The two herbal remedies that rise to the top are ginger root and cinnamon bark. Ginger is widely respected for its anti-inflammatory and pain-relieving effects, with several studies showing impressive results for menstrual cramps and pain. Probably the most reliable and easiest way to take it is powdered in capsules. The effective dose is 500 mg three times/day, though up to 3,000 mg/day is considered safe, so you can take 1000 mg 3 times/day or 500 mg 6x/day. It can also help with nausea, vomiting, bloating, and headaches that sometimes come along with crampy painful periods.

Cinnamon has been found to be similarly effective for reducing pain, menstrual bleeding, nausea, and vomiting with primary dysmenorrhea. The dose in the most impressive study was 420 mg of cinnamon bark in capsules with 2 capsules taken three times/day for the first 3 days of the period.  Both cinnamon and ginger have also been found to lessen heavy menstrual bleeding. I haven’t used cinnamon much in my practice because the data is newer and I’ve been very impressed with the ginger.

Cramp Bark, Black Haw, and Motherwort

Herbalists have a wide pharmacy of herbs that we use for relieving menstrual cramps – the most common perhaps being an herb actually called cramp bark! Both cramp bark – and its cousin, black haw – have been used for centuries for the relief of women’s monthly pain. While this is not preventative the way changing your diet is, for example, they are a great alternative to the medications we too quickly turn to because we didn’t know there are safer options. I use either of these alone, or often in combination with both cramp bark and black haw plus motherwort, equal parts in tincture form. The dose of any of these alone, or the combination, is about 30-40 drops every few hours, or up to 1 (measured) tsp (=5 mL) three times/day. Motherwort is also wonderful for emotional irritability during your period while helping ease the discomfort or cramps.

Not What You'd Expect! Valerian and Black Cohosh

Another surprising herb for menstrual cramping is valerian. While we usually think of valerian for sleep, one study of 100 women found that 255 mg/day for the first three days of the period dramatically reduced menstrual cramps compared to placebo, and it too is a very safe herb. At this dose it isn’t likely to make you sleepy, but do take care by first trying it on a day off from work (and driving). If it does make you sleepy, consider using it in the evening and again before bed to help with cramps.

We typically hear about black cohosh for menopause, but it’s another classic herb not just for menstrual cramping and pain, but low back ache and that pulling sensation in the backs of the thighs that sometimes accompanies period pain, and it may boost your mood a little, too, without being stimulating, because it increases dopamine. It can be combined with any of the other herbs I’ve discussed here, and the typical dose is 250 mg 4 times/day, or as tincture, about ½ tsp (2.5 mL) 2-3 times/day.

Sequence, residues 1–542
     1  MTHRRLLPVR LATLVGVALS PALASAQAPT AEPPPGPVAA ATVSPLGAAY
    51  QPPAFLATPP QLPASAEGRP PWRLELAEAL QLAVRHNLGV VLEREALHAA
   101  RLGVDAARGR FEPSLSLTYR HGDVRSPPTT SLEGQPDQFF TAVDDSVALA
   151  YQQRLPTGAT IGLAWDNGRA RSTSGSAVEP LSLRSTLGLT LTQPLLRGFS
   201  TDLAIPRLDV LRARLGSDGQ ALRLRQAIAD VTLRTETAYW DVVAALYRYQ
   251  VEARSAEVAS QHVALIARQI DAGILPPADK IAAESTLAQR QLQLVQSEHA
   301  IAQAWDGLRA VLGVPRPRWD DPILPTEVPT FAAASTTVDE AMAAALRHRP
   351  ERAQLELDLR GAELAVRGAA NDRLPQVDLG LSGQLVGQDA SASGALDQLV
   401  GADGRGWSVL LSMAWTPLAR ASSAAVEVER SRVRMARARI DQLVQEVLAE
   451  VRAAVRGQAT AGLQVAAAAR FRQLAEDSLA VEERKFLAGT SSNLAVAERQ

More Aromatic Herbs to the Rescue

A recent study found fenugreek seed to benefit symptoms of dysmenorrhea. The participants included 101 women of similar age, who received either 900 mg of ground fenugreek seed in capsules 3 times daily or placebo control for the first 3 days of menses for two consecutive cycles. Both placebo and fenugreek treatment groups exhibited lower pain levels compared to baseline after two months, but the decrease observed with fenugreek was far more statistically significant.

Dong quai, a Chinese herb classically used in women’s health, may also be helpful in reducing menstrual cramps due to the antispasmodic effects of several chemical constituents in the plant. The tricky part is that it can increase menstrual bleeding if taken during or right before your period, so it’s probably not for you if you have heavy bleeding unless you use it under that guidance of a skilled herbalist who knows how to combine it with other herbs to prevent this.

Practical Tips for Making Dysmenorrhea Disappear!

Some favorite additional tips include:

  • Many women find that making the switch from tampons to pads brings huge relief from menstrual cramps. It's a quick fix so give it a try!
  • Practice women’s restorative yoga during your period and practicing yoga to relieve period pain by improving pelvic circulation between periods.
  • Use aromatherapy oils including lavender, clary sage, rose, which have been shown to improve period pain in studies in college students, to scent up your room, a hot shower, or warm bath.
  • Arvigo pelvic massage with a certified practitioner may be helpful. Though no studies have been done, I often recommend this technique in my medical practice.

The Mind-Body-Pain Connection